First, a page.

Weekly Review: Communicating COVID-19 – December 7, 2020

Home/Weekly Review: Communicating COVID-19 – December 7, 2020

Weekly Review: Communicating COVID-19 – December 7, 2020

Weekly Review: Communicating COVID-19 – December 7, 2020

Specific Messaging Strategies to Increase Preventive Behaviors

This week, the New York Times reported how effective health messages cannot simply focus on telling people what not to do, but they also must tell people what they can realistically do to help mitigate the spread of COVID-19. Drawing from the field of psychology, researchers recommend offering practical messaging that reduces risk while keeping in mind the social nature of humans. Specifically, they recommend to:

  • Avoid confined spaces without masks
  • Minimize time indoors
  • Engage in less risky behaviors like outdoor, socially distanced activities

Not only is it important to focus on realistic behaviors, but health communicators must also consider the language used in these messages. Research has found that by tweaking the language used, health and political leaders can reach multiple audiences, build trust, and change behaviors. For example, a national poll found that by using the following terms, Americans are more likely to adopt recommended precautions regardless of political affiliation:

  • “Pandemic” instead of “coronavirus”
  • “Stay-at-home-order” instead of “lockdown”
  • “Fact-based” instead of “science”
  • “Protocols” instead of “mandates”
  • “Face masks” instead of “facial coverings”

Additionally, a two-phase national survey found that emphasizing the benefits of protective behaviors such as mask-wearing and social distancing produces more desirable results than focusing on debunking misinformation.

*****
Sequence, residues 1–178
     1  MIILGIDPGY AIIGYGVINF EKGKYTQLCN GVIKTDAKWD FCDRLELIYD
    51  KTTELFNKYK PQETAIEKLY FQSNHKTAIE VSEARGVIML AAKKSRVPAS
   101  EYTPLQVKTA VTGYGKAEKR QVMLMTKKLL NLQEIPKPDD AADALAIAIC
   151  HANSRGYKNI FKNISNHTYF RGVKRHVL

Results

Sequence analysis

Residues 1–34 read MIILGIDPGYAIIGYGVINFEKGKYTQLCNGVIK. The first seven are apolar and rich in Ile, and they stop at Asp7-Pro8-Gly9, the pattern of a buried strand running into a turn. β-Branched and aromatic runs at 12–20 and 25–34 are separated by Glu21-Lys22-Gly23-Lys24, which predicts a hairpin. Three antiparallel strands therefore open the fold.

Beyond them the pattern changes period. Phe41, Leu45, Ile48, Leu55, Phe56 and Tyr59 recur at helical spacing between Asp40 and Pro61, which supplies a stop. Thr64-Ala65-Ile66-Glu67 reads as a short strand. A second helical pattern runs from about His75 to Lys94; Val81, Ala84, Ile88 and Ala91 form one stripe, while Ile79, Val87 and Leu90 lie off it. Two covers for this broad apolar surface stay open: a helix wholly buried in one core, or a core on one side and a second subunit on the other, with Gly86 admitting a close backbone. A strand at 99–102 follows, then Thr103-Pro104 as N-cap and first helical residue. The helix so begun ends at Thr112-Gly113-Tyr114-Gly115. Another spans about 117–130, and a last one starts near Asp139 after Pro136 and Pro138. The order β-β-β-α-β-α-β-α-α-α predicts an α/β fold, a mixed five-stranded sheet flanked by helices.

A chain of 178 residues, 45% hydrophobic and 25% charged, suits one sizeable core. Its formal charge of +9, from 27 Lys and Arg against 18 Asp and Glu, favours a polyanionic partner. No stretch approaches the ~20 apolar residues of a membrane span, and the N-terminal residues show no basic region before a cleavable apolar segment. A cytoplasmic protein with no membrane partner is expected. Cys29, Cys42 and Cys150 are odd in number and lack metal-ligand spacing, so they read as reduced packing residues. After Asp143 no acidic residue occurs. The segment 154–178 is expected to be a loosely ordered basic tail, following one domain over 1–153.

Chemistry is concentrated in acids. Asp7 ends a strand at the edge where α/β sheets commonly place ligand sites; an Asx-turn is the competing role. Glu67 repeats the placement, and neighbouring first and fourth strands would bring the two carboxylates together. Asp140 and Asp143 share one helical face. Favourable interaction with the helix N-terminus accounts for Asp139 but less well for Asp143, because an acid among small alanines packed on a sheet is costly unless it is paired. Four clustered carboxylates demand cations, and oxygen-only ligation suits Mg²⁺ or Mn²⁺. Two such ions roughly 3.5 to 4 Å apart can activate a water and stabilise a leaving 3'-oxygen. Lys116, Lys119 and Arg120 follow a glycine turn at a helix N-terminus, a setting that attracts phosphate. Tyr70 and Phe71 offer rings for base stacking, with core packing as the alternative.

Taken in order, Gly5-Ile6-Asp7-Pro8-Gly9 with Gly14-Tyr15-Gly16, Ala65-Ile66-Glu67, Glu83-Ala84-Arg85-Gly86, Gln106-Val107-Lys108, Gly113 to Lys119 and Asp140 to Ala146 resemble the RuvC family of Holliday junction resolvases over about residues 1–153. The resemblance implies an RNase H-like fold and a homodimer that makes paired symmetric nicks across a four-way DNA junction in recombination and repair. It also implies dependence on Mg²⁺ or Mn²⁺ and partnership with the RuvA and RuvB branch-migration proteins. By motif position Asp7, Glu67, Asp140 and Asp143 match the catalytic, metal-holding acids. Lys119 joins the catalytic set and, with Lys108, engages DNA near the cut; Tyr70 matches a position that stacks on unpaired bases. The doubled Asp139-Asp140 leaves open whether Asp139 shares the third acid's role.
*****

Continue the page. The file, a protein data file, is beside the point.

Finally, a group of researchers reviewed previous literature to offer communication strategies for crafting an effective message to encourage vaccine uptake once available. They provide the following recommendations in this editorial:

  • FDA and pharmaceutical companies must be transparent
  • Local, state, and federal public health agencies must develop partnerships with civil rights groups, faith communities, civic groups, and media and communication firms
  • Health care providers and community leaders must be trained with effective talking points
  • Public health leaders must distribute fact sheets before vaccine availability
  • FDA, CDC, and others must acknowledge uncertainty and changing guidance
  • FDA, CDC, and others must monitor traditional and social media to promote accurate information
  • Public health agencies must effectively use role models for taking the vaccine
  • Health communicators must clearly communicate messages by considering health literacy and reading levels
|2020-12-07T09:11:22-05:00December 7th, 2020|COVID-19 Literature|0 Comments

About the Author: Maria Brann

Maria Brann
Dr. Maria Brann, PhD, MPH, is a professor in the Department of Communication Studies in the School of Liberal Arts at IUPUI and affiliate faculty with the Injury Control Research Center at West Virginia University. She explores the integration of health, interpersonal, and gender communication. Her translational focus and mixed methods approach are woven throughout her health vulnerabilities research, which advocates for more effective communication to improve people’s health and safety. Her primary research interests focus on the study of women’s and ethical issues in health communication contexts and promotion of healthy lifestyle behaviors to improve personal and public health and safety. She researches communication at both the micro and macro levels and studies how communication influences relationships among individuals and with the social world.

Get Involved with Indiana CTSI